LeRoy Neiman – George Halas Sketch, circa 1970
Matted and framed
Signed at the bottom by the artist
Size: 20.5 x 19’ inches
Image size: 12.25 x 10.25’ inches
Certificate of Authenticity included: Full LOA from PSA/DNA. Full LOA from SGC
No artist has ever captured the essence and movement of athletes and the euphoria of sporting events quite like LeRoy Neiman. Known for his brash style, he painted every high-profile personality in every major venue, from backsides at race tracks to ringside at fights.
Football was one of Neiman’s first subjects. With a sketchpad under his arm, he would go to the games to capture the athletes in action. One of his early experiences was a Bears’ game at Chicago’s Wrigley Field. In an attempt to get closer to the players, he snuck into the field, zigzagging his way to the sidelines. As he started sketching J.C. Caroline, the Bears’ running back, a guard came over to him. Just when he was about to be thrown out, George “Papa Bear” Halas, the team’s owner and coach appeared. He glanced at his sketches and said: “He stays!”.
Perhaps this early encounter inspired Neiman to create the sketch of the legendary coach we have on offer. George “Papa Bear” Halas, a co-founder of the NFL and founder of the Chicago Bears, was a man of iron will who had one of the most memorable coaching runs in sports history. The artist captured him in three poses, as he explains the strategy to a player. With expressionist strokes of the pencil, the artist perfectly captured the energy Halas was known for. The sketch is accompanied by notations “Turn on the lights, Halas” and “Halas”.
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About LeRoy Neiman
Named the most popular artist in the United States, LeRoy Neiman was best known for his vibrantly colored, dynamic depictions of sports and entertainment. This painter of “the good life” had the unprecedented skill to capture a figure in motion, while his genre scenes appealed to the broad public. He saw himself as an illustrator, even rather than a painter, while the pleasant moments from the everyday life he painted in a realistic manner.
Fusing action painting techniques with Pop Art and Impressionist and Expressionist elements, Neiman emerged as a master of color. He often used clean, unmixed nuances while his highly recognizable, brilliant palette developed. The color was his way of enhancing the experience, the scents, and feelings of the chosen subject.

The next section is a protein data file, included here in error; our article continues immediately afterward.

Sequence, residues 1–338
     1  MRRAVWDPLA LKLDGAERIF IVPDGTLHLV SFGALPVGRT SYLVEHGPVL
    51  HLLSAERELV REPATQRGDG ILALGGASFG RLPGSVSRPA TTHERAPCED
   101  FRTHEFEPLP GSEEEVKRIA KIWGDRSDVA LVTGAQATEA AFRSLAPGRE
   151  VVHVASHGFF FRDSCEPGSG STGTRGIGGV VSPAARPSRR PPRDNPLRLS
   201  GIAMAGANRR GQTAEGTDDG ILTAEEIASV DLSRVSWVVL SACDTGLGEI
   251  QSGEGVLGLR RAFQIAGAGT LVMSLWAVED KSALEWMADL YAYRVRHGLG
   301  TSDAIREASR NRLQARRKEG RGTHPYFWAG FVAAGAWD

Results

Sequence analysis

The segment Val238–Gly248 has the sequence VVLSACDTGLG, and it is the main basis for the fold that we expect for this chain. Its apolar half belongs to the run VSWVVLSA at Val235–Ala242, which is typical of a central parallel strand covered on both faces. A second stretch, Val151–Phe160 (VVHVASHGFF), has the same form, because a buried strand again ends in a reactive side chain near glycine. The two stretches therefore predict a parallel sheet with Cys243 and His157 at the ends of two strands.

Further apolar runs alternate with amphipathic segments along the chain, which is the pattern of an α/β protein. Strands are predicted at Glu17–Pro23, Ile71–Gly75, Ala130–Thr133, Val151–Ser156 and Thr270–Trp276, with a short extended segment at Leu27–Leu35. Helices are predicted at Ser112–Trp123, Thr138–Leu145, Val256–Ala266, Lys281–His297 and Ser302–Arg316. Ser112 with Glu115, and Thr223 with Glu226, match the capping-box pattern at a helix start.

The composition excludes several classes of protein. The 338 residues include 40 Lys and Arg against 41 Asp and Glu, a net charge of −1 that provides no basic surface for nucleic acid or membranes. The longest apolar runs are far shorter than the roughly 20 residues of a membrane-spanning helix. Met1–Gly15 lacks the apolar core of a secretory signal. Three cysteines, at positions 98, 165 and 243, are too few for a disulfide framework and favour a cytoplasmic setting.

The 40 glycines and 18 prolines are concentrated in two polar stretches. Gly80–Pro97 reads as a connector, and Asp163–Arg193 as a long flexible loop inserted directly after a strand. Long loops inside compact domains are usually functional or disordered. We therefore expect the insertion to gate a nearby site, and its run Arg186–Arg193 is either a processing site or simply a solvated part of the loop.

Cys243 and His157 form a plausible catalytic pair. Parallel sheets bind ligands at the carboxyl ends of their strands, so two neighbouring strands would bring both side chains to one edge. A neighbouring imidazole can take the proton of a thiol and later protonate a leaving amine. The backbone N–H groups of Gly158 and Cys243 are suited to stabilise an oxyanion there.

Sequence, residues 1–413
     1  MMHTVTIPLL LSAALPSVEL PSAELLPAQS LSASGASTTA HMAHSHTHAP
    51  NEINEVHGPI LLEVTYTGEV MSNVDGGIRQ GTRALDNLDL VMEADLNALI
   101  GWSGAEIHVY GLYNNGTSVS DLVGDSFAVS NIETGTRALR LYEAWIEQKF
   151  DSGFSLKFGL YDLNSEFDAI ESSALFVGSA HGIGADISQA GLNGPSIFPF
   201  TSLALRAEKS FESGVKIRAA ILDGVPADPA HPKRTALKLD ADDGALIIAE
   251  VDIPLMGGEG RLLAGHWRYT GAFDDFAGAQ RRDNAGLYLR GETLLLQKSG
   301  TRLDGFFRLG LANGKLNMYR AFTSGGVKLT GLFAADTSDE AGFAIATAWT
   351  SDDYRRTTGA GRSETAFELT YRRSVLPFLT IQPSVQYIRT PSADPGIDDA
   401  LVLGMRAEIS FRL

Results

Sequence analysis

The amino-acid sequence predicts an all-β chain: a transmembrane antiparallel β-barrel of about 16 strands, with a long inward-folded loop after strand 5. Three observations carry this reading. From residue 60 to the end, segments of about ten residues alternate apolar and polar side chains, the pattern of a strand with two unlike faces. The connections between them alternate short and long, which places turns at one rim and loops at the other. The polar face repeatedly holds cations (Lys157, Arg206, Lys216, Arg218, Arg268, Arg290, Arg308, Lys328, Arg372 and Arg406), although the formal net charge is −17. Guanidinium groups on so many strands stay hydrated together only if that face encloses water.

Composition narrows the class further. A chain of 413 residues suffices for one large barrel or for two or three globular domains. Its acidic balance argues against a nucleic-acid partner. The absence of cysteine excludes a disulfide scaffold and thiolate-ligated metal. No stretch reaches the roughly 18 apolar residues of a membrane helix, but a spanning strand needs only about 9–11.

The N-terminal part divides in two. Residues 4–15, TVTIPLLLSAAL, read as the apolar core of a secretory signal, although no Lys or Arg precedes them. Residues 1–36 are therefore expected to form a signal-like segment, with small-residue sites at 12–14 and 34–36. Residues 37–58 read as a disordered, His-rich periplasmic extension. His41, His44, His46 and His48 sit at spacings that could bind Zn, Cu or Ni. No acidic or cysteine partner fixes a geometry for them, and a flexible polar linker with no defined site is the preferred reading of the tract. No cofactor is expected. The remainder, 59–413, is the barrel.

LeRoy Neiman started his professional career in the 1950s during “the magazine era”, and subsequently created illustrations for many magazines. The most notable one of the publications holding his illustrations is Playboy, but his work was featured in Sports Illustrated and Harpers as well.
As the creator of vivid chronicles of the American life, Neiman became increasingly and widely popular, even though he was never fully accepted by the ‘haute’ critics, comparing him to Norman Rockwell. Nevertheless, he never ceased to work in the way he saw as best, captivating audiences with his skill, even painting on television! His works were exhibited at the Hammer Galleries in New York and the Franklin Bowles Gallery in San Francisco among other venues.
Although fame brought him immense wealth, Neiman - a child of the Great Depression, lived frugally. At the same time, he was very generous, having donated almost $20 million to different art institutions around the country. This “American Impressionist” also served as the official artist of 5 Olympic Games, and he painted many prestigious sporting events, from the Kentucky Derby to America’s Boxing Cup and Super Bowl. Among his portrait subjects, we can find many celebrities, politicians and influential figures from different areas.
LeRoy Neiman was born as LeRoy Runquist on June 8, 1921, in St. Paul, MN. He attended St. Paul School of Art and the Art Institute of Chicago after he completed military service. He lived in New York City, where he died on June 20, 2012, at the age of 91.